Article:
That's the debate that sprung up in the comment thread of a recent post. We've all seen the boxed beverage labeled as wine sitting on retailer shelves, but the issue is whether it actually qualifies as wine. CV readers decided that an experiment needed to be performed to settle the issue. This is a science blog, afterall. Being a theorist, I already had my favorite model to describe the outcome of this experiment - namely, wine does not come in boxes. So I was disqualified from participating in the analysis. Luckily, one brave CV reader, Elliot, stepped up to the challenge. Here are the results, in his own words:
Before I share the results of the wine tasting experiment with boxed wine, I should do a bit of level setting on the experimental apparatus. (me) I am by no means a wine expert. However I have developed (over many years) a sense for what I like and what I don't. I exclusively drink red wines mostly Merlot and Cabernet from Calif. I like some reds from France as well. My favorite grocery store selection is Clos DuBois vineyards. I tend to like stuff in that price range and up, where and if the wine is in the $5-$10 range, I really don't care for it that much. With that said, I went to Wild Oats and got a "box" of French Rabbit Cabernet. Bottom Line: It was horrible. I wouldn't give it to my dog. Now there was another "wine in a box" choice appropriately named Black Box wine. My gut feel was that it might be better but the smallest container was the 3000 ml or 4xbottles. So I backed away.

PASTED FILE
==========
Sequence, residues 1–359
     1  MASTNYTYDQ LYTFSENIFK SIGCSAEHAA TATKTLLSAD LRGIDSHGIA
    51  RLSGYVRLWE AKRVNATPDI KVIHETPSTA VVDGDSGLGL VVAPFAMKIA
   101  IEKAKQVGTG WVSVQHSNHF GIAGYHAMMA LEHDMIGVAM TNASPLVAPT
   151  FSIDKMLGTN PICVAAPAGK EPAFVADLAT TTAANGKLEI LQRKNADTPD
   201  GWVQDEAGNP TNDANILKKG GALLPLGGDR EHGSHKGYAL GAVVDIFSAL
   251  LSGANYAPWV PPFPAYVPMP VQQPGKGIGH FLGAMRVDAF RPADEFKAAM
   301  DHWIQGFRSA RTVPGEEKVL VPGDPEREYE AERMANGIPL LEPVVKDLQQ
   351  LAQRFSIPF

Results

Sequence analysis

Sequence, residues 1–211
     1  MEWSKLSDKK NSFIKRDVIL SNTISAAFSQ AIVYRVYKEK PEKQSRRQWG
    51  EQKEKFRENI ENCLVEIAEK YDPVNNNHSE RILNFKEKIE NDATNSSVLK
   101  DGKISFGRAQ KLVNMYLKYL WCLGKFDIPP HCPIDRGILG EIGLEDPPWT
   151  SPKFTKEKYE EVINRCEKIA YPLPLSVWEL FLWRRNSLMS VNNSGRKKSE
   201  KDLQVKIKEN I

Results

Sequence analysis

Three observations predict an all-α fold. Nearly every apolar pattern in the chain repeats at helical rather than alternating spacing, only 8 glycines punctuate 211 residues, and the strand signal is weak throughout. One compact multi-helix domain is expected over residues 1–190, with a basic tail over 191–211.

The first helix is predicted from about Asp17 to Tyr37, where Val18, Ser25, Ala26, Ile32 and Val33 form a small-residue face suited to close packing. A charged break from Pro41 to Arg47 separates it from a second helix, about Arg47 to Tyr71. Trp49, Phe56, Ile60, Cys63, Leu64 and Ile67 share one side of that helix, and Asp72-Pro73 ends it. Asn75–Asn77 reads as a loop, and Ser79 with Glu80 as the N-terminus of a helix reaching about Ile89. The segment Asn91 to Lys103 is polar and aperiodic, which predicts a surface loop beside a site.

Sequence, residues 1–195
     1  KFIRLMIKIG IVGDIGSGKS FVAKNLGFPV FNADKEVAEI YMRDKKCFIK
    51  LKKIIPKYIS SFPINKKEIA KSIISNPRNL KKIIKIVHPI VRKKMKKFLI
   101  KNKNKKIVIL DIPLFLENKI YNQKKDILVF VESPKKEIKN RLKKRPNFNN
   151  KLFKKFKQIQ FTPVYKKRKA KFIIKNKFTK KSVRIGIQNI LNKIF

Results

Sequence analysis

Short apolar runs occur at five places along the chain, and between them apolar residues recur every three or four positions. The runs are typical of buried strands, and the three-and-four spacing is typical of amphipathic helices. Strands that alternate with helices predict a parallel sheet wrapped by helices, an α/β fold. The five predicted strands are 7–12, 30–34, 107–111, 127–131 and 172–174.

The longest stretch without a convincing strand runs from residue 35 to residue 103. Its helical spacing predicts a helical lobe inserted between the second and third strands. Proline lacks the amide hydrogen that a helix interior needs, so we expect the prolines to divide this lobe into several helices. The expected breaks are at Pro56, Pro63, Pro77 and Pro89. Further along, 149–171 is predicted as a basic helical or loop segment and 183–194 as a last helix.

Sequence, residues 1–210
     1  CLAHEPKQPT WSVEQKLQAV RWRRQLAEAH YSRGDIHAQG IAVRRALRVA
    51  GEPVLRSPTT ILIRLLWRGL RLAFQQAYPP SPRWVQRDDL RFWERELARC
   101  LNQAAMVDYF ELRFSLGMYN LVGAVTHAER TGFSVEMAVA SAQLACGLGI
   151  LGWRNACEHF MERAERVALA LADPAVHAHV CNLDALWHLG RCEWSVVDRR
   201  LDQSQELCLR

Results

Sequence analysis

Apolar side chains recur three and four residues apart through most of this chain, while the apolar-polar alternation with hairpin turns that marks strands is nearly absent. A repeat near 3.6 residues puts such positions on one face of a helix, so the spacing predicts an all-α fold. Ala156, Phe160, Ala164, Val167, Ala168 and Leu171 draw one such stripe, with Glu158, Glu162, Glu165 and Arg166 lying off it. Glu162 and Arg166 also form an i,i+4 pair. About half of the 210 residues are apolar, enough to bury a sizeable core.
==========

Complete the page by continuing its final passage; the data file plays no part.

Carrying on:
Thank you Elliot for settling this question! My theory is confirmed - winedoes not come in boxes!